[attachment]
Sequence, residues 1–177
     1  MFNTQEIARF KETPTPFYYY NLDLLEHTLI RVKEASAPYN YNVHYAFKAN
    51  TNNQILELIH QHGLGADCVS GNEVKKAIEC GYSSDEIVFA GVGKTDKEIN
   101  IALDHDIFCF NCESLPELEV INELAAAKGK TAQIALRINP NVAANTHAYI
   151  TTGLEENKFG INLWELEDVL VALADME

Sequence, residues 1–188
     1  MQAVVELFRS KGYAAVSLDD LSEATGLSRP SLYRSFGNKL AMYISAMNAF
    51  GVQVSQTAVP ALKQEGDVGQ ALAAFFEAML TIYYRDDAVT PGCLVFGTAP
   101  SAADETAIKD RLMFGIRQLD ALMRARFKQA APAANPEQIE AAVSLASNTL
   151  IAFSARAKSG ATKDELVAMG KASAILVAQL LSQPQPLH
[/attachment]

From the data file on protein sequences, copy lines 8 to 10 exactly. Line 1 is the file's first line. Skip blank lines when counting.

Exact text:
    51  GVQVSQTAVP ALKQEGDVGQ ALAAFFEAML TIYYRDDAVT PGCLVFGTAP
   101  SAADETAIKD RLMFGIRQLD ALMRARFKQA APAANPEQIE AAVSLASNTL
   151  IAFSARAKSG ATKDELVAMG KASAILVAQL LSQPQPLH